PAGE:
Strong US dollar fuels fears of worst currency crash since 1997

The staggering rise of the US dollar, which has hit one record after another, is raising fears of a currency crash of a severity that has reverberated around the world since the Asian financial crisis of 1997.

The Federal Reserve’s rapid, sharp rate hikes and the relative health of the U.S. economy have led investors to plunge into the dollar, pushing the dollar to strengthen the British pound, Indian rupee, Egyptian pound and South Korean won and others have been driven to unknown depths. .

“The moves are definitely getting extreme,” Jefferies’ Brad Bechtel said, warning that exchange rates could fall further, creating a “serious situation.”

Most other major central banks are also tightening monetary policy vigorously to curb inflation, but so far the measures have not helped stabilize the currency market, nor have Japan’s direct intervention to support the yen last week.

Many fear the same will be the case with the Bank of England’s plan announced Wednesday to conduct emergency government bond purchases to support the pound.

“We have our doubts that the BoE’s plan will be the silver bullet to kill all the fear that has put pressure on the pound… as the plan is not sustainable,” Briefing.com’s Patrick O’Hare said.

Others, especially emerging markets, are even worse off. The Pakistani rupee has lost 29 percent of its value against the US dollar in the past year and the Egyptian pound has weakened 20 percent.

Those countries, and others like Sri Lanka and Bangladesh that “benefited from cheap and abundant liquidity” when interest rates were low during the pandemic, “are all suffering from tighter global liquidity,” said Win Thin, head of currency strategy at BBH Investor. . Services.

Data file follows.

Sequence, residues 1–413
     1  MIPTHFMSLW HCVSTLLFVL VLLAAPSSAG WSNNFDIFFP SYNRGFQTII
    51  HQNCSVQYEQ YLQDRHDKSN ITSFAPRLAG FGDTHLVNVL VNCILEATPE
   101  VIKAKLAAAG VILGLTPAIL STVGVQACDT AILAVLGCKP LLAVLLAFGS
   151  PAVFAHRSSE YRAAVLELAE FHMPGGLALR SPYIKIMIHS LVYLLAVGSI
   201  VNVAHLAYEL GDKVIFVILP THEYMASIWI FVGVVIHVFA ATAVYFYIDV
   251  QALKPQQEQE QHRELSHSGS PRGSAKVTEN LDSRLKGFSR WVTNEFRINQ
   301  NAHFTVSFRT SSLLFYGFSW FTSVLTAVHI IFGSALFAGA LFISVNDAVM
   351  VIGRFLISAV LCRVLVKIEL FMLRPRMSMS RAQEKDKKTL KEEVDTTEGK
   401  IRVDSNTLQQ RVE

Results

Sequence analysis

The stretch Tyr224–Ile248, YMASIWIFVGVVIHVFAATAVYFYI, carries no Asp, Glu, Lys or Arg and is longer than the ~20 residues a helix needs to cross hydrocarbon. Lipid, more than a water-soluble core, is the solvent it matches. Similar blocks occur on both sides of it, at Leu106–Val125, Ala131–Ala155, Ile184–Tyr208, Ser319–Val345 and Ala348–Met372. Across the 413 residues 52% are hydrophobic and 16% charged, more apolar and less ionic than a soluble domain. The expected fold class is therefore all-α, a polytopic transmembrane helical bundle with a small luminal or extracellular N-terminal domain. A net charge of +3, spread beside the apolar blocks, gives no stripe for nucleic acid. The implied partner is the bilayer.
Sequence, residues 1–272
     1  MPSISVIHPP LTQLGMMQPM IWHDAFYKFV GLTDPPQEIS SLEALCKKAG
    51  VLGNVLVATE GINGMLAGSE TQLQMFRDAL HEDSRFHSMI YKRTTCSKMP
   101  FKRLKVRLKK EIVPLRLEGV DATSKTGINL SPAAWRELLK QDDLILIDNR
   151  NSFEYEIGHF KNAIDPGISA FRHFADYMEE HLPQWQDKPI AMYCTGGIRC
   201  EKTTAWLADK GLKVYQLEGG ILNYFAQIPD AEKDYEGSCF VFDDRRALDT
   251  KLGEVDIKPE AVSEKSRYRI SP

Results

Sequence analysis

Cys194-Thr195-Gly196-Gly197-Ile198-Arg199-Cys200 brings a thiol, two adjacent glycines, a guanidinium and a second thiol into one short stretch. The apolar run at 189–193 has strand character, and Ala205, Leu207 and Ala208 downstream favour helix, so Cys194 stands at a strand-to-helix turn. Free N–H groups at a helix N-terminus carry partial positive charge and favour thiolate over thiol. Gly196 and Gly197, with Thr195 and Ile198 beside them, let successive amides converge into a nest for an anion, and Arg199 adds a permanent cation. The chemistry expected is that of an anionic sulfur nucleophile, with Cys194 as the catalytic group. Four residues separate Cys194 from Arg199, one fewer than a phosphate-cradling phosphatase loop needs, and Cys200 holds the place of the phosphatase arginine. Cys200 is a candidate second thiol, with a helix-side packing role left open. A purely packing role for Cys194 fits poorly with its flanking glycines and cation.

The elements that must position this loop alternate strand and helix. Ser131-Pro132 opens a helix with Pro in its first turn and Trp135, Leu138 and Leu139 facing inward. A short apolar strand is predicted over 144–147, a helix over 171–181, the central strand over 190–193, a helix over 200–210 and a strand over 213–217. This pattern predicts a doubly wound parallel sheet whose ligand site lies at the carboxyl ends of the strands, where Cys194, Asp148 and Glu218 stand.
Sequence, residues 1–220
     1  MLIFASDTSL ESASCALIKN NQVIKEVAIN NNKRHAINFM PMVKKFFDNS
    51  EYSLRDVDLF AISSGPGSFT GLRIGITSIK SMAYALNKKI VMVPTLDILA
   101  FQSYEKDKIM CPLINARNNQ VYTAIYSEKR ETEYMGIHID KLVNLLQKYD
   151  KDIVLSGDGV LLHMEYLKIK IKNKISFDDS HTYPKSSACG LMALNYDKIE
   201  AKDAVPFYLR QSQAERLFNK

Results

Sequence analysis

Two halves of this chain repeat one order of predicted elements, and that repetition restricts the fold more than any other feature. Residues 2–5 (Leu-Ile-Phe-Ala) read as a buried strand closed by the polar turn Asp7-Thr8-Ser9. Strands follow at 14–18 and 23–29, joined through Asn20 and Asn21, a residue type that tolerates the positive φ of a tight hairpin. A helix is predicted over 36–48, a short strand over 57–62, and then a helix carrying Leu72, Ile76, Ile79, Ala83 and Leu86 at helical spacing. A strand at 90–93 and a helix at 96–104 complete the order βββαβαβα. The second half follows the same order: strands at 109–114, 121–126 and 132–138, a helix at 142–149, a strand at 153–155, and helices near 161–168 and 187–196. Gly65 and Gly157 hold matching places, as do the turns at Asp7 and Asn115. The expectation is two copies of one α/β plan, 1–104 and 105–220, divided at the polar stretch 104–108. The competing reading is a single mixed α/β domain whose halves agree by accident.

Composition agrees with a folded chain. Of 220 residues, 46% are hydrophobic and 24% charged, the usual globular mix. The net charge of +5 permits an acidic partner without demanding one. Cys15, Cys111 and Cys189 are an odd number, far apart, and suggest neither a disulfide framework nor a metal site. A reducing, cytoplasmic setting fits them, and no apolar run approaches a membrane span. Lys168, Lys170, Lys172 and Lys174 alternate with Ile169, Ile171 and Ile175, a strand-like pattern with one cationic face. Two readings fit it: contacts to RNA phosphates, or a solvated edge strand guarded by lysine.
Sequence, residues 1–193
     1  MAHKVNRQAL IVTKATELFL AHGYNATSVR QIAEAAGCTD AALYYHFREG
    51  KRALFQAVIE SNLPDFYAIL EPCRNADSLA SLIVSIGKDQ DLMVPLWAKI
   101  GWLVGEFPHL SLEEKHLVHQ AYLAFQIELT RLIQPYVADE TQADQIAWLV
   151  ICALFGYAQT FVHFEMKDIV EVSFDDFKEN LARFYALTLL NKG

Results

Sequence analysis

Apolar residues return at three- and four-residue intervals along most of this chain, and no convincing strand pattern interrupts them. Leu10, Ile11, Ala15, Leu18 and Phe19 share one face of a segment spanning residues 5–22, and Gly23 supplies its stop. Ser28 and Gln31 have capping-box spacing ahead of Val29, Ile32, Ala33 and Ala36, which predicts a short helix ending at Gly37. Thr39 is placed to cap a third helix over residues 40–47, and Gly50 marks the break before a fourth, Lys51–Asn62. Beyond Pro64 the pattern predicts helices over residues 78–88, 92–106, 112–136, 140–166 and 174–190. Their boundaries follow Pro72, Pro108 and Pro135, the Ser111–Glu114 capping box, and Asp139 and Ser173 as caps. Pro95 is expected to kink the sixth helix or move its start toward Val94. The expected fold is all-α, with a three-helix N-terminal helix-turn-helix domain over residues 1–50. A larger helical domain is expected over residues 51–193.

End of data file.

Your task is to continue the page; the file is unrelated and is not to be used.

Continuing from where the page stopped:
“The countries with the weakest fundamentals will likely be tested first, but others can join them,” he warned.

Those countries depend on imported oil and grain, which has pushed prices up, widened their trade deficits and fueled inflation, and that means huge blows to their currencies.

The appreciation of the US currency has exacerbated the problem, as many commodities are denominated in dollars.

Already in a vulnerable position, Pakistan was hit by historic floods in August, prompting the government to discuss debt restructuring.

“The financial system is under severe strain right now. And it’s only a matter of time until there’s a bigger crisis somewhere in the world,” warns ForexLive’s Adam Button.

US Treasury Secretary Janet Yellen said earlier this week that she has seen no signs of “disorderly” developments in financial markets during the interest rate hikes.

For countries like Taiwan, Thailand or South Korea, which also depend on energy imports, China’s zero-covid policy has caused their exports to this important trading partner to plummet.

Larger economies such as China and Japan have contributed to the turbulence in the foreign exchange market in recent weeks. The Japanese yen fell to its lowest level in 24 years, while the Chinese yuan hit its weakest in 14 years.

Fears of destabilization evoke memories of the Asian financial crisis of 1997, which was caused by the devaluation of the Thai baht.

Malaysia, the Philippines and Indonesia followed suit, which panicked foreign investors and led to massive capital outflows, sending several countries into severe recession and South Korea on the brink of bankruptcy.

At the time, the baht’s collapse was related in part to its fixed parity with the dollar, which forced the Thai government to support its currency, depleting its foreign exchange reserves, which was unsustainable in the face of market forces.

Argentina was eventually forced to give up its peg to the dollar and defaulted in late 2001 – the largest government debt in history.

Erik Nelson of Wells Fargo said this is a key difference between 2022 and 1997.

“Now there are not many fixed exchange rates,” he said. “I’m honestly more concerned about developed markets right now.”

Lebanon, one of the few to still peg its currency to the greenback, announced a drastic devaluation on Thursday, pushing the country’s pound from its previous fixture of 1,507 to 15,000 to the dollar.

In contrast, in the United States, where inflation has risen to its 40-year high, “the Fed views a strong dollar as a blessing,” DailyFX’s Christopher Vecchio said, noting that it helps “isolate the economy from increased price pressures.” “. ‘

A strong currency means the country pays less for its imported products.

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